Partner/Declarer opens 1 club
RH opponent overcalls 2 diamonds

Responder has a balanced 9 HCPs:

 S: K J x x
 H: x x x 
 D: Q J x
 C: Q x x

Should responder bid or pass? If bid, what is appropriate?

  • 1
    What system are you playing? What system are your opponents playing - is the jump overcall weak or strong?
    – Tom77
    Commented Dec 10, 2014 at 21:21

2 Answers 2


Given these assumptions:

  • RHO's overcall is a weak jump overcall; and
  • You and partner are laying a fairly standard 5-card major system with no agreements other than negative doubles for this auction.

Then my recommendation is to make a Negative Double.

My expectation is that when both majors are unbid, as here, then such a double at this level promises 4-3 or better in the majors. Some partnerships require 4-4 but that seems excessive and over-cautious for today's competitive auctions.

Additionally, you are better than a minimum 1-over-1 response would have shown, with support for partner's clubs if that suit is real. You also have the possibility of suggesting notrump as a denomination, but have no interest in attempting to defend 2D doubled.

If for some reason you are not playing Negative Doubles as a partnership agreement, then my advice is to start doing so. As this hand illustrates, you are severely handicapped in competitive auctions without this convention in your arsenal.

Meanwhile, 2NT is probably the best call you can make: showing (in a competitive auction) 10-11 HCP balanced and one stopper in the overcalled suit. It hides the nice 4-card Spade suit, but that is the price for playing 5-card Majors without Negative Doubles.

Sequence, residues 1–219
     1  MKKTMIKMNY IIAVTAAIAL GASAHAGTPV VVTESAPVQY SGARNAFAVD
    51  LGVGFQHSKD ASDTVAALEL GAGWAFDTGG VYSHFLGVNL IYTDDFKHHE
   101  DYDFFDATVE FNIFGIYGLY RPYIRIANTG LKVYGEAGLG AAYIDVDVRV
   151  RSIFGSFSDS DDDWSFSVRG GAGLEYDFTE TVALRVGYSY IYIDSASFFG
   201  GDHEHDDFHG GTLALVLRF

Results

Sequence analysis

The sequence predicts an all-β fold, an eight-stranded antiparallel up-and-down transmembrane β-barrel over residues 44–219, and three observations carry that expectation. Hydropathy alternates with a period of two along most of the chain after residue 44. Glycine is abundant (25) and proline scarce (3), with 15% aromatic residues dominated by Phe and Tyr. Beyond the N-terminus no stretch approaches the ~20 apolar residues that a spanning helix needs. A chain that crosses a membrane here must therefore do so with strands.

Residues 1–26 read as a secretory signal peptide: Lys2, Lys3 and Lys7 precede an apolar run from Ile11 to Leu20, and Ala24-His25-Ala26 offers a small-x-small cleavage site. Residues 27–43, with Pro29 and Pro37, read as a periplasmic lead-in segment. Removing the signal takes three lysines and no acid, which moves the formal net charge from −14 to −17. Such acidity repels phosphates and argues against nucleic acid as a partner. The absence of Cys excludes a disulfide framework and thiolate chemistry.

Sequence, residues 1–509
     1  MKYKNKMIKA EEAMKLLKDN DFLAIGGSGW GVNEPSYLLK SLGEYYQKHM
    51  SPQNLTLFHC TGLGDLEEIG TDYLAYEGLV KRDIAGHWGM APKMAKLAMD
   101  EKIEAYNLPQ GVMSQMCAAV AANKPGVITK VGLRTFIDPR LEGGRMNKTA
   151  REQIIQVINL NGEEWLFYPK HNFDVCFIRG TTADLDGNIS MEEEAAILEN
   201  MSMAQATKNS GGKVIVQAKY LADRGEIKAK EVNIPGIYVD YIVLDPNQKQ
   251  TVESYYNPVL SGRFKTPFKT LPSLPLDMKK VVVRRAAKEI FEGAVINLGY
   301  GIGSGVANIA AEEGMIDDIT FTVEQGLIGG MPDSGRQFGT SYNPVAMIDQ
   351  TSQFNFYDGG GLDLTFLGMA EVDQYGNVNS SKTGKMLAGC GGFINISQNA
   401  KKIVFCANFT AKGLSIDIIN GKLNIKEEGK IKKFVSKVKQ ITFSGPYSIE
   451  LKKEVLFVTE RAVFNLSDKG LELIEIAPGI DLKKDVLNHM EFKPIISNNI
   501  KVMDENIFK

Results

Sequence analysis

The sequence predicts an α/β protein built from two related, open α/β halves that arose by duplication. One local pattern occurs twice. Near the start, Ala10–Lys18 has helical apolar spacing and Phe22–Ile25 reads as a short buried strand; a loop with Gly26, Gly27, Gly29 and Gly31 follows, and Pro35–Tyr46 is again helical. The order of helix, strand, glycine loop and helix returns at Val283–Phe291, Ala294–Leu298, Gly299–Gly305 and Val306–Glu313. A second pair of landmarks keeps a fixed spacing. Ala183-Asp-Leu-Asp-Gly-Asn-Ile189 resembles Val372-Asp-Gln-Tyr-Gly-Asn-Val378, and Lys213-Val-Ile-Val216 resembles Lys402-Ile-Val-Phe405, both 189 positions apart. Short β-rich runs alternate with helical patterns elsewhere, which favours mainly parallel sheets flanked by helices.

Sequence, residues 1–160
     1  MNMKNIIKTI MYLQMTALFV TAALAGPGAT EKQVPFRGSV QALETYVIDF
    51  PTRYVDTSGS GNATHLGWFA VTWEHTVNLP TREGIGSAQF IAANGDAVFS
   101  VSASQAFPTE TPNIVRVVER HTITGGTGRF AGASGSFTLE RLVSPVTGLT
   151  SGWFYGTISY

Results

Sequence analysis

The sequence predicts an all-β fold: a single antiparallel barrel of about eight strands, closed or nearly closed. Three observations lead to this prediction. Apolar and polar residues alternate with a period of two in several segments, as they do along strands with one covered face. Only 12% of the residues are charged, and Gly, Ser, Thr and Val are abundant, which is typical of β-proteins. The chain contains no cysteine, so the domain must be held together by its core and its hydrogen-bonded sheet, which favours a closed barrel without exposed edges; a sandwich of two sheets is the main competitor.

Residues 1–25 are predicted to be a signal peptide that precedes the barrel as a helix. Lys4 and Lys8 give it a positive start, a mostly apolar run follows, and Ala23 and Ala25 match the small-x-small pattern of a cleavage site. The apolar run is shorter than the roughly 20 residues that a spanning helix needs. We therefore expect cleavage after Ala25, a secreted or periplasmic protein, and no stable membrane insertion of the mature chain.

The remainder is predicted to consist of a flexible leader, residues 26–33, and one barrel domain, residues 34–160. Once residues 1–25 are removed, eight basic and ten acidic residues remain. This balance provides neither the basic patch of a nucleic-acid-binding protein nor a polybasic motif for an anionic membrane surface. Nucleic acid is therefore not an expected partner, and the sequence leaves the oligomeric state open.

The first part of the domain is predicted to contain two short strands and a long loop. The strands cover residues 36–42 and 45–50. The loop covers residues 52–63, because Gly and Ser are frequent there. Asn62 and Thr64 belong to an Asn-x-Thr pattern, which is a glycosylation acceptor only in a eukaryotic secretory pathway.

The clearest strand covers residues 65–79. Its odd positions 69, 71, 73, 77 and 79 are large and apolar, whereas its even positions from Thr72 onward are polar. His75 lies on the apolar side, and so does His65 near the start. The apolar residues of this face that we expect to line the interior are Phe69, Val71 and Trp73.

Note that in general for competitive auctions, as here, many strong bids become invitational instead - the reason is that a cue bid of the opponents suit is available to show all strong hands lacking interest in a penalty double. This helps to alleviate the bidding room stolen by the opponents overcall.


If you opponent had bid ONE diamond, I would bid one spade. I would do this even with a weaker hand than yours (take away a queen).

But since your opponent bid TWO diamonds, the "standard" response is a negative double, as recommended by Pieter.

This bid has two meanings. The first is, I'd rather not play in "your" suit (clubs) nor the opponent's suit (diamonds). That leaves spades and hearts.

The second meaning applies in your case: The opponents bid over my suit. So "go back" and think in terms of my bidding one spade (or one heart). I'm not "legally" allowed to say this, but I am allowed to say "double," which in this context, has the same meaning.

The negative double would be more emphatic if partner had opened one HEART, and opponent had bid two diamonds. Here, the clear implication is that I have four of the remaining major, don't want to bid two spades, and am bidding "one spade" in a roundabout way.

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